viernes, 4 de septiembre de 2009
Barbara Mason: Yes, I'm Ready (1997)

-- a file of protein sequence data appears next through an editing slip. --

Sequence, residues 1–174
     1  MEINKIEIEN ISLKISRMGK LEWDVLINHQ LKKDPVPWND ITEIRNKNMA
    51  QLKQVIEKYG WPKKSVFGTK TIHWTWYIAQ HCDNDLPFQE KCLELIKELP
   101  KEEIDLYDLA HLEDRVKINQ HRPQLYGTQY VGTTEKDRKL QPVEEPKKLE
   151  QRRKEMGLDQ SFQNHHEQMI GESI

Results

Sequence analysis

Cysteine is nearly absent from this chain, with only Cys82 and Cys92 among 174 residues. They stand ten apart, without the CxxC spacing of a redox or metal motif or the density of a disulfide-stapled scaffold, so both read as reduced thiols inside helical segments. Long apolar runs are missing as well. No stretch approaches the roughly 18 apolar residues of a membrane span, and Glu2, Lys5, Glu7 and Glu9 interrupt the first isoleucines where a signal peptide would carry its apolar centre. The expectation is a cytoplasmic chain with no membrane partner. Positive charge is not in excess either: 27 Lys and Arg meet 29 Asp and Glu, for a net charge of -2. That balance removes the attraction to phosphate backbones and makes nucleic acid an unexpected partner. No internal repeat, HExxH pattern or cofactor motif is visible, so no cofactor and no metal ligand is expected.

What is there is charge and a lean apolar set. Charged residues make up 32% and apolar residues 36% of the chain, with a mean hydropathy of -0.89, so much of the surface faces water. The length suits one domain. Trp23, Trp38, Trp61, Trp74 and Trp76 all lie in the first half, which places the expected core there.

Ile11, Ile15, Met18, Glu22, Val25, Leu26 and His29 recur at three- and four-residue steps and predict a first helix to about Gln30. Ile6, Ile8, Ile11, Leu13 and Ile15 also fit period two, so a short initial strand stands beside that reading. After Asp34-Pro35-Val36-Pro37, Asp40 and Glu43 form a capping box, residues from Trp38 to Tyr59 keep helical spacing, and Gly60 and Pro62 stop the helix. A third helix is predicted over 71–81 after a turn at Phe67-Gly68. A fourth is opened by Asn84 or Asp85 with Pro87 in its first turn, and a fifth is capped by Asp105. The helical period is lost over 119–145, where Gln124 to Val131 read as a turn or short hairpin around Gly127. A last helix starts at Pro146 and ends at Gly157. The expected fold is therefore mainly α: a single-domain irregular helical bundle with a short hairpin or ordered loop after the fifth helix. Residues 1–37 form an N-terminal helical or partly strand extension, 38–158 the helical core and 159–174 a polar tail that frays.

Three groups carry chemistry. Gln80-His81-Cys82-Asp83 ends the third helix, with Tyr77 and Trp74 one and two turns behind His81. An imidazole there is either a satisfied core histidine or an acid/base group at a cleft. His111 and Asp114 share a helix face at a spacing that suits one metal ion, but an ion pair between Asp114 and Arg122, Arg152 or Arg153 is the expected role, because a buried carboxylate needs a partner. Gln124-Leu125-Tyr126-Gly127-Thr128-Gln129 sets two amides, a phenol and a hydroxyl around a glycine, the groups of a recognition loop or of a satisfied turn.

Barbara Mason came from Philadelphia with a giant hit in the mid-'60s that outsold some of the records made by the Beatles at the height of their popularity. She was born in Philadelphia in 1947 and used to sing in impromptu talent shows as a child. They were held at a playground near where she lived. Barbara could sing well, and her reputation as a good singer began to grow around Philadelphia. Producer/talent scout Weldon Arthur McDougual caught her act and brought her to the studio. She started with a small local label called Charger, then moved on to the Arctic label in Philadelphia, which had a better shot at distributing her records. Jimmy Bishop founded and owned Arctic and was a disc jockey at a large Philadelphia radio station. Barbara wrote all of her own songs while with Arctic and recorded in a small back room there. One of those records, originally titled 'Are You Ready?', would propel her into stardom. Barbara had been a big fan of Curtis Mayfield and the Impressions, who were making some good music in Chicago in the late '50s and early '60s. One song that Curtis had written and given to Major Lance, 'The Monkey Time', had particularly impressed her and became her inspiration for her own tune, which was re-titled 'Yes, I'm Ready'. In the Spring of 1965 it was recorded by Barbara in the back room at Arctic in two takes, and the next day Jimmy Bishop began to play it on his radio show. More and more requests came in, and other DJ's that Jimmy knew picked up on the song. Before too long, it reached the top forty and stayed there for ten weeks, peaking at the number five position. With her voice sounding young and innocent in its thinness and flatness, Barbara Mason became an international recording sensation before she was out of her teens. After that, she still cut some excellent follow-ups on Arctic, like 'Sad, Sad Girl' (R&B number 12/pop Top 30, 1965), 'I Need Love' (R&B number 25, 1966) and 'Oh, How It Hurts' (R&B number 11, 1968). This compilation of 27 songs gathers these early sides for the label; it's not complete, but the rest of her Arctic stuff appears on Oh How It Hurts, also on Bear Family, posted here half a year ago. With both volumes you should have everything she recorded at Arctic. She cut as many remakes and originals, some were standards, which suggests Arctic had hopes of crossing her over to the pop market, which never happened to any significant degree. The remakes run the gamut from Archie Bell's 'Tighten Up' to the Supremes' 'Come See About Me', a perfectly suited vehicle for Mason's innocent, sweet, aching voice. Other highlights include 'Come to Me', 'Keep Him', 'Trouble Child', 'Bobby Is My Baby', 'Change Me If You Can', 'Hello Baby', '(You Can) Depend on Me', 'Don't Ever Want to Lose Your Love', 'You Never Loved Me at All', and 'Half a Love'. http://www.answers.com/, http://www.tsimon.com/.